Indonesian leader says locked gates contributed to deaths of more than 1,000 people in 2015
Indonesian army and police shot dead at least 1,000 people in a crackdown on a banned independence movement in 2015, the head of Indonesia’s army has said.
General Gatot Nurmantyo, the supreme commander of the armed forces and a staunch ally of President Joko Widodo, said he had witnessed the mass killings in August 2015 and that the army had used “brutal methods”.
Since he was elected president in 2014, Mr Widodo has overseen the introduction of a security force seen as a bulwark against Islamist terrorism.
In a report released by the defence ministry on Saturday, General Gatot said army helicopters had fired “large and medium caliber” rounds from helicopters and heavy machine guns onto crowds in August after he had requested “appropriate force” from the military command to stop the killings and to secure the area.
He said that the military had fired from its armoured vehicles at crowds during the crackdown, killing between 1,500 and 1,600 people. He said the military had also detained more than 1,000 members of the outlawed movement in September.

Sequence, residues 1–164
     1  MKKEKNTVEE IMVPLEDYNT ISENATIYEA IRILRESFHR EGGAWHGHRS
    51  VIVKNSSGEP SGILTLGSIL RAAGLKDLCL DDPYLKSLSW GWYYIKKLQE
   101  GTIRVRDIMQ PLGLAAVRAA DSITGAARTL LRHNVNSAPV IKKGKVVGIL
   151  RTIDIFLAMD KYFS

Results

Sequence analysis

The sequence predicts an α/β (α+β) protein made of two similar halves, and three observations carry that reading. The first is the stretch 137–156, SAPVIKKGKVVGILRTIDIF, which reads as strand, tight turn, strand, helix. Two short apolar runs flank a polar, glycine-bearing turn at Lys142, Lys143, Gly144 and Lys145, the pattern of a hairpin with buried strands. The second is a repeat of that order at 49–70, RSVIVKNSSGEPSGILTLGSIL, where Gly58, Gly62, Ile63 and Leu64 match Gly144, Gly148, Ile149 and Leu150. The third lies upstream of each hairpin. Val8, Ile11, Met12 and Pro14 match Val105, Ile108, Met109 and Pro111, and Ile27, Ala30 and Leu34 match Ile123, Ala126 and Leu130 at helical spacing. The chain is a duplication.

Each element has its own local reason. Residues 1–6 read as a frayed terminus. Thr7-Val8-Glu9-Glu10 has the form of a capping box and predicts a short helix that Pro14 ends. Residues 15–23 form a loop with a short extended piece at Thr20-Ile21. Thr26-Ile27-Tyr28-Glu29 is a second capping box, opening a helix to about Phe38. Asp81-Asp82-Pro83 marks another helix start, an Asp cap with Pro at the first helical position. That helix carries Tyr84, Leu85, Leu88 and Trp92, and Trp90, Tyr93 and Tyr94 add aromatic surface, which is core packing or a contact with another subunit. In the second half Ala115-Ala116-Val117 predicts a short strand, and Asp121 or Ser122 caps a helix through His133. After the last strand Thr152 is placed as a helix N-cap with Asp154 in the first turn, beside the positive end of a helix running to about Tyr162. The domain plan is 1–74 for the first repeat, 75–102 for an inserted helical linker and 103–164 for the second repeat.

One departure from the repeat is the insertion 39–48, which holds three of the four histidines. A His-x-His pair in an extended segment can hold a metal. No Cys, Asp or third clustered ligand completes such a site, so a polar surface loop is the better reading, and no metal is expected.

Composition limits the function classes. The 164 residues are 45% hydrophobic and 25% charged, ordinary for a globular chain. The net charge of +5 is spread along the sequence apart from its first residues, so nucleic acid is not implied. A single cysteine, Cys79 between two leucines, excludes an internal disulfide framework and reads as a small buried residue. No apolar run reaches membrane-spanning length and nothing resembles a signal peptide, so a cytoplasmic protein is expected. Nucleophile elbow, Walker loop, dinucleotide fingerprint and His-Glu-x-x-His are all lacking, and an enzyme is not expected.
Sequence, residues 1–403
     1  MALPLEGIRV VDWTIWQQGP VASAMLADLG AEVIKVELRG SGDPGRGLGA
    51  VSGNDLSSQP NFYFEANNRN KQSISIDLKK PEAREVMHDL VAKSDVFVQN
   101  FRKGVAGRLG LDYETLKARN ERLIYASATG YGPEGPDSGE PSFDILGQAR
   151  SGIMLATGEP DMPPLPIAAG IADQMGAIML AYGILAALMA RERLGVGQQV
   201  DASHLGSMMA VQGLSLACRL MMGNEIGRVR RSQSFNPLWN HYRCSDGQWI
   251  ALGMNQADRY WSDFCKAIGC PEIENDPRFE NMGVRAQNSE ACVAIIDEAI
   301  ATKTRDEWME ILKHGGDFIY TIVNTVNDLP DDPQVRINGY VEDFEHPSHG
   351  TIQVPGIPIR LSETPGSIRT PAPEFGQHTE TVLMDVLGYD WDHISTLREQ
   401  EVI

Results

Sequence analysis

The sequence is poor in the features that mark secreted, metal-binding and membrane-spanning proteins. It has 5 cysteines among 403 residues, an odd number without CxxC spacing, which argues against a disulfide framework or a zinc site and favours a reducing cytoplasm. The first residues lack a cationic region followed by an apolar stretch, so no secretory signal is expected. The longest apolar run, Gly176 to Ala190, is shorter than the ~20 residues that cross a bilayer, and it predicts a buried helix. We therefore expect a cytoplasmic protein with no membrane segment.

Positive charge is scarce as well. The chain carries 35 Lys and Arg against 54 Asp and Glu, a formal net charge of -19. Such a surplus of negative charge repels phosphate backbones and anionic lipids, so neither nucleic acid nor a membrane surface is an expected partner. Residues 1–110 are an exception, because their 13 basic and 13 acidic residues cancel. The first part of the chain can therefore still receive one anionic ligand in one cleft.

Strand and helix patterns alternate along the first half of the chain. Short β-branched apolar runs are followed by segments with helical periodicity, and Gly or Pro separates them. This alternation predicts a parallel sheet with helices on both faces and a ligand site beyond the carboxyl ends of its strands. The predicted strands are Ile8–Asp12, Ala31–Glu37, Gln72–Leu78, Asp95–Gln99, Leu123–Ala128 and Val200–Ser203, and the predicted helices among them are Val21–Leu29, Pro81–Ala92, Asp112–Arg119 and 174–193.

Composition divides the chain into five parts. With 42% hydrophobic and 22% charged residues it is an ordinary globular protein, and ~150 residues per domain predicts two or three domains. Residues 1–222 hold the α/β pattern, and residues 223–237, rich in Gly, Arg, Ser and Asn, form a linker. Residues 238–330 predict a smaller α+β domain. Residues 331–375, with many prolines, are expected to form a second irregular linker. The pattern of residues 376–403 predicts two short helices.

During a joint press conference with General Gatot on Saturday, President Joko Widodo said he had called for an investigation “into what went wrong” and said: “I will carry out the investigation to ensure that justice is served.” The military has already opened a formal investigation into the killings.
An earlier report by the defence ministry, released in September, said that more than 1,000 people were killed in the crackdown in the cities of Surabaya in East Java, Bekasi in West Java, and Jakarta in the central Java island of Solo.
After the massacre, General Gatot said that the army had opened fire to “save lives”, adding that he had also personally witnessed the killings in Surabaya, Bekasi and Jakarta.
“I have seen in the photographs and from all the evidence the army did use brutal methods,” he added.
The general said President Joko was under pressure from the military to make the army the main provider of security in an era of terror and violence, and that he had backed the idea of a more professionalised army.